The Advisory: Volume 10, Issue 2, April 2012

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From the President

Creating Awareness about Retention and Re-Engagement of Lawyers in Alberta

By Steve Raby, QC, President, Law Society of Alberta

I am honoured to serve as President of the Law Society of Alberta in 2012. I am entering my ninth year as a Bencher and it has become very apparent to me that the pace of change in the legal profession is accelerating rapidly and there are numerous external pressures on regulators of the legal profession to not only make significant changes, but to reorganize themselves so they are nimble enough to respond quickly to the changing environment.

I am well aware that change can be painful, especially when busy lawyers are trying to cope with change while at the same time doing a good job of serving their clients. I know that the Law Society has made some significant changes in the last couple of years (such as the Trust Safety program, CPD declarations and the new Code of Conduct) and that some of our members are questioning the need for such significant changes. I can only assure you that the Benchers have considered the effect that rapid and voluminous change can have on a law practice, but have concluded that the negative consequences of not making these changes outweighs the disruption caused by change. Being in the process of going through the changes associated with assimilating Macleod Dixon into the new Norton Rose Canada LLP and its global relations with the Norton Rose Group has been a personal reminder to me about both the short-term and the long-term consequences of significant change.

I would ask Members to please bear with us as we continue with changes that we believe are necessary to efficiently run the Law Society in the public interest and to ensure that we are responsive as a self regulator to those who would criticise us for not reacting quickly or significantly enough to external pressures. To the extent that further changes to these programs might be made to ameliorate some of the aspects of the new programs that members have advised are problematic, where such further changes will not negatively impact the benefits of the new programs, we are certainly prepared to consider them.

A few words about the theme of this month’s Advisory. The theme is retention and reengagement of lawyers. You will see some rather startling statistics as to the numbers of lawyers leaving private practice in the early years of their careers. This is especially the case with respect to women. Further, we know that there is a shortage of lawyers in rural Alberta and those lawyers in private practice in those areas who are now retiring or wish to retire, are finding it difficult to delegate their practices to other lawyers. In addition, to the extent that there are insufficient lawyers in private practice to properly serve various components of the Alberta population and their various legal problems, then this becomes a major issue in the access to justice discussion which has been in the forefront of the legal media in the past couple of years.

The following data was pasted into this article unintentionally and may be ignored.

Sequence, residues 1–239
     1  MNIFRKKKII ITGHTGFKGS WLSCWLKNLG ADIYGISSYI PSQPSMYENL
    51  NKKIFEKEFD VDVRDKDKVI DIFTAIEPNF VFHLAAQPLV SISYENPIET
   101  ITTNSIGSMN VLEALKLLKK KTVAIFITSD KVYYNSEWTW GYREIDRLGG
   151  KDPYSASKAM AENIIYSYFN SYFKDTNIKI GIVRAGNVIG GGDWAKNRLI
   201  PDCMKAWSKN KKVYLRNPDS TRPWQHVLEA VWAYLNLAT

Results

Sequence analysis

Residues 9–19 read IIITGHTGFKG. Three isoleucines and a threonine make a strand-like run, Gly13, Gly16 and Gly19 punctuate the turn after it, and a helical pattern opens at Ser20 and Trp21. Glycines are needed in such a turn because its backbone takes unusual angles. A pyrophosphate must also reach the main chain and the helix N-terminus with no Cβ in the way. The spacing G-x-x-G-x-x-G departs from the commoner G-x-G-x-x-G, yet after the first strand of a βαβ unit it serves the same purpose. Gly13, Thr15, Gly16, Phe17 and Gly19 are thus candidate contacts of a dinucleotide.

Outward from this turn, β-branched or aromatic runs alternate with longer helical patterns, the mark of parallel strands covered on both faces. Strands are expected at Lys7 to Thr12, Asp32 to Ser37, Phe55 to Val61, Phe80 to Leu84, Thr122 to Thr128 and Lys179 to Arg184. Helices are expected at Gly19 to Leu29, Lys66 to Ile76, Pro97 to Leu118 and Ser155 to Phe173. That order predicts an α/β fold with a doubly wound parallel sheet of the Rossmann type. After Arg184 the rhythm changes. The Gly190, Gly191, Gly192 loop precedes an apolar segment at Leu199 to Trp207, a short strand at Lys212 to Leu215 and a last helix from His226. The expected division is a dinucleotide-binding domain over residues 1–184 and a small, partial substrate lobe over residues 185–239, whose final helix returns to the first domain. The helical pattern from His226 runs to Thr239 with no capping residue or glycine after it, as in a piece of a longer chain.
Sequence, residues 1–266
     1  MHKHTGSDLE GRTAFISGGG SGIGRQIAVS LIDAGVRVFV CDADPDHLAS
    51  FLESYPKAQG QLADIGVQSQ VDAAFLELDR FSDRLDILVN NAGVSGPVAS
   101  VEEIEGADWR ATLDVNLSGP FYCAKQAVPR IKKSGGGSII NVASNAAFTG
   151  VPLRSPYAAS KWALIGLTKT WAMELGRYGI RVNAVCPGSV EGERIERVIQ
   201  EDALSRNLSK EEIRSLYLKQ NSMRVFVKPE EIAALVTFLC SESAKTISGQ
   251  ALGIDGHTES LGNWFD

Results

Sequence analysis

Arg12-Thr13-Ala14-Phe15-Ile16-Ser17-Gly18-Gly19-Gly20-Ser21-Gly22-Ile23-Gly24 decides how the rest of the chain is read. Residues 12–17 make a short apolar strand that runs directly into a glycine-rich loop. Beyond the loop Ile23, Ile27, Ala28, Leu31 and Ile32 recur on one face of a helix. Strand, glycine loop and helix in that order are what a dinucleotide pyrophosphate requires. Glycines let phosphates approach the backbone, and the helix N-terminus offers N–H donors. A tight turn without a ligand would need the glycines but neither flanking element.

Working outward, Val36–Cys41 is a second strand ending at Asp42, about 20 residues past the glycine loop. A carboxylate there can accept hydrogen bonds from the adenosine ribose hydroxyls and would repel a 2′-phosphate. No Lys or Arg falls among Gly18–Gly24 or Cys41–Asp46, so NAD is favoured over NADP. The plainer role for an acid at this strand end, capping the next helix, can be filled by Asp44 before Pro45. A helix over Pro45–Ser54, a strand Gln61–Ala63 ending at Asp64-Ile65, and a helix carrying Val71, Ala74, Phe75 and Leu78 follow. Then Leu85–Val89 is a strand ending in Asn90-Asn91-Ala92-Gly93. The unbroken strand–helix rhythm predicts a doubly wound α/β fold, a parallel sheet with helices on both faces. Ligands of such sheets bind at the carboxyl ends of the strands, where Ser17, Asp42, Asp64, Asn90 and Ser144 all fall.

So what can we do to counteract these trends, or is there in fact anything we can do? Are the opportunities available to young lawyers outside of private practice so great that we simply have to recognize the phenomenon and continue to expect such attrition rate? Is private practice so difficult that lawyers, and especially women who are attempting to raise a family, simply can’t cope, or have concluded on a cost/ benefit analysis that it is simply not worth it to practise law in a private setting?

As the regulator of the legal profession, what can the Law Society do to change this? Should we throw money at the issues and hope that solves the problem? Should we be establishing programs and policies that will actively encourage young lawyers and especially women to continue in private practice? To properly serve Albertans outside of the major centres?

These are the questions that the Retention and Re-Engagement Task Force of the Law Society is attempting to answer. As with most difficult issues, one of the first things that can be done is to create awareness about the issues and we hope that this edition of the Advisory will serve that purpose.

Biography of Steve Raby, QC

Education and Credentials:

  • U of A, LL.B., 1977
  • Called to the Alberta Bar, 1978
  • Appointed Queen’s Counsel, 2004

Bencher Experience:

  • Executive Committee Member, 1994 – 1997, Elected Bencher in 2004
  • Served as Committee Chair of: Trust Safety, Real Estate Practice Advisory, Credentials and Education and Finance.

Publications / Recent Lectures:

  • Instructor, Real Estate Courses for LSA Bar Admission Course and U of C Faculty of Law
  • Contributor and instructor to numerous CBA Panels and Law Conferences
  • Member, Organizing Committee and instructor at the 27th Annual Banff Refresher Course–Real Estate Law, LESA
  • Recipient of LESA award for volunteer excellence

Community Involvement:

  • Lotteries Committee, Calgary Exhibition and Stampede

Professional Experience:

  • Articled at Macleod Dixon, 1977 – Partner since 1984 (Now Norton Rose Canada as of Jan 2012)

Outside Interests:

  • Goalie, Macleod Dixon Derelicts Hockey Team. Scouting report says that he is very good on shots directly at him, and not so good on the rest.
  • Erratic Golfer exacerbated by recent attendance at golf school.

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